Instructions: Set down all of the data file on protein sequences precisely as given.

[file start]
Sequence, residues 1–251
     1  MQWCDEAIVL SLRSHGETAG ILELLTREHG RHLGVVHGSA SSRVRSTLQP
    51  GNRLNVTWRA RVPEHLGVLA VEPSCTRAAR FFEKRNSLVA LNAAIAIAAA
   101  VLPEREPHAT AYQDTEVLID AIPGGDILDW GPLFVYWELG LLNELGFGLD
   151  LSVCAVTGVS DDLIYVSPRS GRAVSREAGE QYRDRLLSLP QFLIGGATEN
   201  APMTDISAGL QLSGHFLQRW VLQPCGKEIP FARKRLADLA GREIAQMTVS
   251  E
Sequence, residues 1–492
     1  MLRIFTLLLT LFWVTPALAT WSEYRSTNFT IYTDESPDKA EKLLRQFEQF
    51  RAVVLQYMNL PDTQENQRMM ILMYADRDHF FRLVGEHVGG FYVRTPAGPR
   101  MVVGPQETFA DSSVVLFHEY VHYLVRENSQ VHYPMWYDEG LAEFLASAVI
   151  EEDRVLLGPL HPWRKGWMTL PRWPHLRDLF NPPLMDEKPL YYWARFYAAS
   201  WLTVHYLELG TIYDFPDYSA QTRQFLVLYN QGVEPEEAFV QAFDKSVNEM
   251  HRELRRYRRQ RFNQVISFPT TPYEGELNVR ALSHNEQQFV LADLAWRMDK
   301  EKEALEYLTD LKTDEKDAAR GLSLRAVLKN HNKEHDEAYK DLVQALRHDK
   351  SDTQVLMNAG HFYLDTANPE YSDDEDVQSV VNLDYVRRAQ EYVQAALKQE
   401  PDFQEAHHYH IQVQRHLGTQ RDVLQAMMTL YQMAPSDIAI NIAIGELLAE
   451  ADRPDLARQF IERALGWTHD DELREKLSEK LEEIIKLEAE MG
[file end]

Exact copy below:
Sequence, residues 1–251
     1  MQWCDEAIVL SLRSHGETAG ILELLTREHG RHLGVVHGSA SSRVRSTLQP
    51  GNRLNVTWRA RVPEHLGVLA VEPSCTRAAR FFEKRNSLVA LNAAIAIAAA
   101  VLPEREPHAT AYQDTEVLID AIPGGDILDW GPLFVYWELG LLNELGFGLD
   151  LSVCAVTGVS DDLIYVSPRS GRAVSREAGE QYRDRLLSLP QFLIGGATEN
   201  APMTDISAGL QLSGHFLQRW VLQPCGKEIP FARKRLADLA GREIAQMTVS
   251  E
Sequence, residues 1–492
     1  MLRIFTLLLT LFWVTPALAT WSEYRSTNFT IYTDESPDKA EKLLRQFEQF
    51  RAVVLQYMNL PDTQENQRMM ILMYADRDHF FRLVGEHVGG FYVRTPAGPR
   101  MVVGPQETFA DSSVVLFHEY VHYLVRENSQ VHYPMWYDEG LAEFLASAVI
   151  EEDRVLLGPL HPWRKGWMTL PRWPHLRDLF NPPLMDEKPL YYWARFYAAS
   201  WLTVHYLELG TIYDFPDYSA QTRQFLVLYN QGVEPEEAFV QAFDKSVNEM
   251  HRELRRYRRQ RFNQVISFPT TPYEGELNVR ALSHNEQQFV LADLAWRMDK
   301  EKEALEYLTD LKTDEKDAAR GLSLRAVLKN HNKEHDEAYK DLVQALRHDK
   351  SDTQVLMNAG HFYLDTANPE YSDDEDVQSV VNLDYVRRAQ EYVQAALKQE
   401  PDFQEAHHYH IQVQRHLGTQ RDVLQAMMTL YQMAPSDIAI NIAIGELLAE
   451  ADRPDLARQF IERALGWTHD DELREKLSEK LEEIIKLEAE MG